Tuesday, August 30, 2011

Letters from the Front: Raiding Loyalist New York

"...we have little else to do this Winter but to purge the Land of such Villains, which I think almost as necessary as the keeping up Standing Armies."

While the siege of Boston continued to the northward, events were brewing in the environs of New York City. Although Tryon's retreat to the HMS Halifax had removed the immediate threat of British action, there yet remained a more subtle, home-grown challenge to Congressional authority: the Loyalists. Of all the areas in the Northeast, New York City and Long Island contained what was probably the largest and most active community of Loyalists. Following the British Army's seizure of the city in the late summer/early autumn of 1776, New York and Long Island would become the great center of Loyalist activity in America. As Isaac Sears' letter shows in this latest installment of the Letters from the Front series, there were many antecedents to this later blooming of Loyalist affection.

Sears was a Massachusetts man by birth, moving to New York after losing his ship during the French and Indian War. He quickly established himself as a member of the merchant elite and was involved in the Revolutionary cause from an early period, organizing protests against the Stamp Act and being active in the Sons of Liberty. In April 1775, Loyalist authorities attempted to arrest Sears for his inflammatory activities, but he escaped. As the letter below shows, he did not stay away for long, leading an infamous raid that was condemned by Congressional authorities, but nevertheless served to check Loyalist activity in the area. His commentary provides important insights into the extremes to which some Revolutionary leaders were willing to go in securing their gains from early 1775. As with many of the other letters in the collection, Sears' zeal for the service was tempered by concerns for his fortunes in civilian life, seen in his references to potential lost income on tea and his frustration at not being appointed to high rank in the new American Navy. Sears went on to be active in the privateering trade for much of the war and returned to New York City after the British evacuation.


Friday, August 26, 2011

Swain Report Special: War Office 28, Regimental HQ Papers, Installment 8

This latest installment of Library Research Assistant David Swain's catalog of the British Headquarters Papers sheds light on two important topics: the social dynamics of every-day life in the army and the closing years of the British occupation of New York City. As reflected below, the majority of this microfilm covers memorials and petitions written by a range of individuals to the successive commanders-in-chief in Canada. These documents, essentially formalized appeals for assistance, provide an insight into the every-day workings of the army by revealing the numerous problems and concerns that afflicted military personnel and associated civilians, as well as giving us an indication of the mass of paperwork that came to the commander-in-chief. Carleton's orderly book for New York City, comprising the latter portions of this reel, details an almost day-by-day account of the army's operations in that vicinity for the final years of the war. As these documents show, while not engaged in active hostilities, the British Army nevertheless stayed busy with the numerous other duties that afflict a military force in garrison. Our thanks go out to David Swain for faithfully sticking with this project, which has now absorbed several months of his hard work.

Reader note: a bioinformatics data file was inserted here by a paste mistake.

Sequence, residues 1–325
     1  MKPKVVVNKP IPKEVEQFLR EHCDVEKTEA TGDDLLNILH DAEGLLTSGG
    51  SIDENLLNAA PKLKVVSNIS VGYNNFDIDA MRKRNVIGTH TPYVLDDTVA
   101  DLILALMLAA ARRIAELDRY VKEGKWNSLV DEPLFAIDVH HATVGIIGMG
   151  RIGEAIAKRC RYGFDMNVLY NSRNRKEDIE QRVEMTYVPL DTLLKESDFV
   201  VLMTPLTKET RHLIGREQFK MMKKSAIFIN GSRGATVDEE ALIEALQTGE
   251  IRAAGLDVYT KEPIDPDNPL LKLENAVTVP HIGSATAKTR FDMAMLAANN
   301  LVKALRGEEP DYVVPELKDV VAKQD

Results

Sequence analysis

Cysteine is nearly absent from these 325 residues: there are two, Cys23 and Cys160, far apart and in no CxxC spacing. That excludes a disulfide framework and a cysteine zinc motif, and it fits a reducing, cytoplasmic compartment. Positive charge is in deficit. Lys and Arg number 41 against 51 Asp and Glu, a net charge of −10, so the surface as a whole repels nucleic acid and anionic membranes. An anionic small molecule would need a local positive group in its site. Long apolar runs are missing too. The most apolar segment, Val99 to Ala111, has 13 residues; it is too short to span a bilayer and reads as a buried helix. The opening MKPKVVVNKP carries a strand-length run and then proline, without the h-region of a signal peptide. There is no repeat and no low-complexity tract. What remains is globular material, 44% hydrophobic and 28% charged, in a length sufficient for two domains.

28.9 Memorials and petitions; General Sir Guy Carleton’s New York headquarters order book (Reel 7)

Summary contents:

* Military and provincial memorials and petitions to Sir Guy Carleton and General Frederick Haldimand, 1776 and with no date: 40 documents; documents 1 through 40, printed page numbers 1 through 50

* Military and naval memorials to Sir Guy Carleton, 1777: 30 documents; documents 41 through 70; printed page numbers 51 through 92

* Petitions from Royalists: 30 documents; documents 71 through 100; printed page numbers 93 through 135

* Military and provincial memorials and petitions to Sir Guy Carleton, 1778: 26 documents; documents 101 through 126; printed page numbers 136 through 175

* Memorials of Canadian and other inhabitants, 1777-1780 and with no date: 27 documents; documents 127 through 153; printed page numbers 176 through 213

* Military and provincial memorials to General Frederick Haldimand, 1779-1781: 25 documents; documents 154 through 178; printed page numbers 214 through 244

* Military and provincial memorials addressed to General Frederick Haldimand, 1782-1783: 32 documents; documents 179 through 210; printed page numbers 245 through 285

* Sir Guy Carleton’s headquarters order book, New York, Mortier House, and Lefferts House, 1782-1783: 301 documents; documents 211 through 511; printed page numbers 285a through 482

Thursday, August 25, 2011

Letters from the Front: Jedediah Huntington to Jabez Huntington, 11 Nov 1775, Roxbury Camp, MA

"some hundreds from Cambridge Side were very soon on the Ground to oppose them, although they were obliged to wade up to their Middles; a Skirmish with Small Arms ensued and a brisk Firing of cannon & grape shot..."